The main responsibility for health and safety in your workplace lies with your employer or whoever else is responsible for the work. The Health and Safety at Work Act gives them what it calls the “primary duty” for health and safety. They have to do everything “reasonably practicable” to protect your health and safety at work (see below for a definition of “reasonably practicable”).
People other than your employer also have some health and safety duties in the workplace. This could be people who control or manage a workplace, such as the building owner, the head contractor on a building project where you’re working for a subcontractor or where you’re employed by a labour hire company.
What does the duty to do everything “reasonably practicable” mean?
Under the health and safety laws, “reasonably practicable” means that your employer has to do everything that they’re reasonably able to do to protect your health and safety at work. What is reasonable here will depend on:
- how likely it is that the particular hazard or risk will arise, and
- how much harm could result, and
- what the employer knows (or should know) about the hazard or risk and how it can be eliminated or minimised, and
- whether ways of eliminating or minimising the risk are available at the time and are suitable, and
- the cost of removing or minimising the risk.
What if I am an independent contractor?
If you’re working as an independent contractor rather than as an employee, the person you’re working for – called a “principal” – owes the same health and safety obligations to you as employers owe their employees.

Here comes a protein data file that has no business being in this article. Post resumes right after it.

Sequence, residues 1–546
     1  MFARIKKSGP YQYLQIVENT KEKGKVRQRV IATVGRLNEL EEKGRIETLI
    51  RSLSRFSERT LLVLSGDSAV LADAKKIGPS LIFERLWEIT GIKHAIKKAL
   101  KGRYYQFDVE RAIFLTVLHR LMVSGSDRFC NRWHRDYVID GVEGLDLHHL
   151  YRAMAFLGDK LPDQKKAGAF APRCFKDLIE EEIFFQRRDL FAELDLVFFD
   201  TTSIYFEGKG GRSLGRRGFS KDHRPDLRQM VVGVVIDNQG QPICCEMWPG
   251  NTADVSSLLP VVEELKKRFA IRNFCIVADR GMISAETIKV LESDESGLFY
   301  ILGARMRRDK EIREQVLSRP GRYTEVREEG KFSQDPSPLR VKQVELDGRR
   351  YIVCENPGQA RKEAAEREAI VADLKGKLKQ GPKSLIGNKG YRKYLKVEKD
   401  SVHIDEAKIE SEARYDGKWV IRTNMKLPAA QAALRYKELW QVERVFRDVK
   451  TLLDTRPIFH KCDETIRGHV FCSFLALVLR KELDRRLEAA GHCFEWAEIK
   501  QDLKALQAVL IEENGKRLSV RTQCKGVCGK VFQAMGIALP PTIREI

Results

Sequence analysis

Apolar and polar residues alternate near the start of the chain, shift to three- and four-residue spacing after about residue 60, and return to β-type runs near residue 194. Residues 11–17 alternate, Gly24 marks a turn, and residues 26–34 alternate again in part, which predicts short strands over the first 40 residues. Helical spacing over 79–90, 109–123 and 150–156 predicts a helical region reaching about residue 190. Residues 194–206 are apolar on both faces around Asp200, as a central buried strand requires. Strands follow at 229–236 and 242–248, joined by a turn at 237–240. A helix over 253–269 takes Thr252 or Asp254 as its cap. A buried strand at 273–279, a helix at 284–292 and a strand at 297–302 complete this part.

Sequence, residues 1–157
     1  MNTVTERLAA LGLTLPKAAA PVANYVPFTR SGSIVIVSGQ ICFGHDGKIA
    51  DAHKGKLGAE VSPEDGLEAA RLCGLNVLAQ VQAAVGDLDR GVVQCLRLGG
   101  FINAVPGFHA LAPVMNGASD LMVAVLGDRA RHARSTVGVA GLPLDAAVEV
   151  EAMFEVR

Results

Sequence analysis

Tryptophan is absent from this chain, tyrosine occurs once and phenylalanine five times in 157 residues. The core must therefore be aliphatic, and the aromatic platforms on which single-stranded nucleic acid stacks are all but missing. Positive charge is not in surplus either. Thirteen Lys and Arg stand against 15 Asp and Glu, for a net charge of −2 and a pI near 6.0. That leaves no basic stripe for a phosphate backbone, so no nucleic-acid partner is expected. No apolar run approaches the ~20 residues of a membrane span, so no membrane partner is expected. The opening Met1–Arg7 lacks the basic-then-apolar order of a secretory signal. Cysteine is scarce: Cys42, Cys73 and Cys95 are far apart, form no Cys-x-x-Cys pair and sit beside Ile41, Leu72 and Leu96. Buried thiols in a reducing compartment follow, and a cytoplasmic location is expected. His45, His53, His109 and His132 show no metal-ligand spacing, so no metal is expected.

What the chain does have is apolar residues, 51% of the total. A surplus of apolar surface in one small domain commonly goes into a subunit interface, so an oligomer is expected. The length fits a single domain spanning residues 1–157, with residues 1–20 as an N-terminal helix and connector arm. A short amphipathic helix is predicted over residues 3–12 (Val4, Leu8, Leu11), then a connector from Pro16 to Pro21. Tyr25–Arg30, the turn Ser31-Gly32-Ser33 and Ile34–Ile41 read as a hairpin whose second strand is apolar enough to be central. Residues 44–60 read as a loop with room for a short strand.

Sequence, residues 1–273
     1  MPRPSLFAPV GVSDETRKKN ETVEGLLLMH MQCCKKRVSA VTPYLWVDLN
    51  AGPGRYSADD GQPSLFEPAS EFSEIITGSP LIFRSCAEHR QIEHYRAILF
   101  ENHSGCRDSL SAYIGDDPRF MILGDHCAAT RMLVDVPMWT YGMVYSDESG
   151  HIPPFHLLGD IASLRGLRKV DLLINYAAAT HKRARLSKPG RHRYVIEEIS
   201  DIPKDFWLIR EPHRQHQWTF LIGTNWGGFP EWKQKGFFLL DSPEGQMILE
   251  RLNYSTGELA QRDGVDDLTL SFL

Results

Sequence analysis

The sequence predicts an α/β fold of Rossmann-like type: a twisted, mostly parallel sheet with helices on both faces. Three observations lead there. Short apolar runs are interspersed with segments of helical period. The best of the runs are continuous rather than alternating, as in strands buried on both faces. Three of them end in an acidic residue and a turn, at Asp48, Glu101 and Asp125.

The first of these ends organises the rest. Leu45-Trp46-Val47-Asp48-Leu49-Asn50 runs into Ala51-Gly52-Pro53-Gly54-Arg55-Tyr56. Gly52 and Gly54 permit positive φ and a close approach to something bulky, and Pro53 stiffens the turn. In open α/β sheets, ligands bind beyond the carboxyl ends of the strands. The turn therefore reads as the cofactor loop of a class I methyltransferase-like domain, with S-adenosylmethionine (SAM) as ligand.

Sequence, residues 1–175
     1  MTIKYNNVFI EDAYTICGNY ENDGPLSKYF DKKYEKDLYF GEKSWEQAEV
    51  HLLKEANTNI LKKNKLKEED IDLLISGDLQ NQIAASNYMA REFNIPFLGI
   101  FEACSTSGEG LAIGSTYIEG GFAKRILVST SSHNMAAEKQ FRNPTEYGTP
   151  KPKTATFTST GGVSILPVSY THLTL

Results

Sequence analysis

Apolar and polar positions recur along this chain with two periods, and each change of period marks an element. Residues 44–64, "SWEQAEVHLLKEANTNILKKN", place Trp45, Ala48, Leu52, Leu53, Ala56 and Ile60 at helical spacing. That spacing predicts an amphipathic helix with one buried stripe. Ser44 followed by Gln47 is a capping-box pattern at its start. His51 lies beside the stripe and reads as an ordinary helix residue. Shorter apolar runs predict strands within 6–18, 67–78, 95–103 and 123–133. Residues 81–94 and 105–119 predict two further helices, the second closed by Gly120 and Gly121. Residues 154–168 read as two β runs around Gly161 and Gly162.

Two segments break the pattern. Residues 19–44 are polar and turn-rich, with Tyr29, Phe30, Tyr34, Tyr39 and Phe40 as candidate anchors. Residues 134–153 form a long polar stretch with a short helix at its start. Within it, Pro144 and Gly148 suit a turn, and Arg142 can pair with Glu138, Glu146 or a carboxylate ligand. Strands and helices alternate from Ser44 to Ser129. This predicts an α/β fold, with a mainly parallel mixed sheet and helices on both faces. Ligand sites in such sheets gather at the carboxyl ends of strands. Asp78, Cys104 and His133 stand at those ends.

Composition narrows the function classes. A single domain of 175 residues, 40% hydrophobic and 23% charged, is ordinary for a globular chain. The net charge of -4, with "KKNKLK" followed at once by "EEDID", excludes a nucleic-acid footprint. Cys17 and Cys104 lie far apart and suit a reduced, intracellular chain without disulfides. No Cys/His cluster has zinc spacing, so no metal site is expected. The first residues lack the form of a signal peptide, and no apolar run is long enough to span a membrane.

Your principal also owes these duties to any employee or subcontractor that you, the contractor, hire to carry out the work you contracted with the principal to do. You will also have health and safety obligations as an employer or as a principal to your subcontractor.
What if I’m self-employed?
If you’re self-employed, you must make sure you’re safe while you’re working as far as is reasonably practicable.
If it’s just you at your workplace, it’s unlikely that WorkSafe would investigate to make sure that you’re complying with your health and safety obligations.
However, if your work might impact others – for example, contractors, clients, members of the public or volunteers – you’ll be responsible for taking steps to protect their health and safety as well.
- consider creating a safety system that identifies potential hazards (and how they could be removed or minimised), and
- have an up-to-date plan for emergencies, and
- set up a process to report accidents and incidents – if an incident happens, you’re required to notify WorkSafe and preserve the scene until you get the all-clear.
Who else has health and safety responsibilities?
- Other people controlling workplaces and machinery – A business or organisation that manages or controls a workplace must make sure, as far as is reasonably practicable, that the workplace (including its entrances and exits) doesn’t pose any risks to anyone. If you work in a shop in a large retail centre, for example, this would include the owner of the retail centre and the centre’s manager. People who manufacture or design machinery and equipment or who manage or control it also owe a duty to make sure they are safe.
- Employees – You must take reasonable care for your own health safety while at work (see below).
What happens if there’s an injury or accident at work?
When should an accident or injury be reported?
Your employer has a legal responsibility to notify WorkSafe New Zealand as soon as possible if there’s a serious injury at your work or a dangerous incident like an explosion or gas leak.
Who is responsible for reporting?
This is your employer’s responsibility. They must also ensure that the site is not disturbed until an inspector arrives and keep records of what happened. If your employer doesn’t notify WorkSafe as required, they could be convicted and fined up to $10,000 if they are an individual and up to $50,000 if they are a company.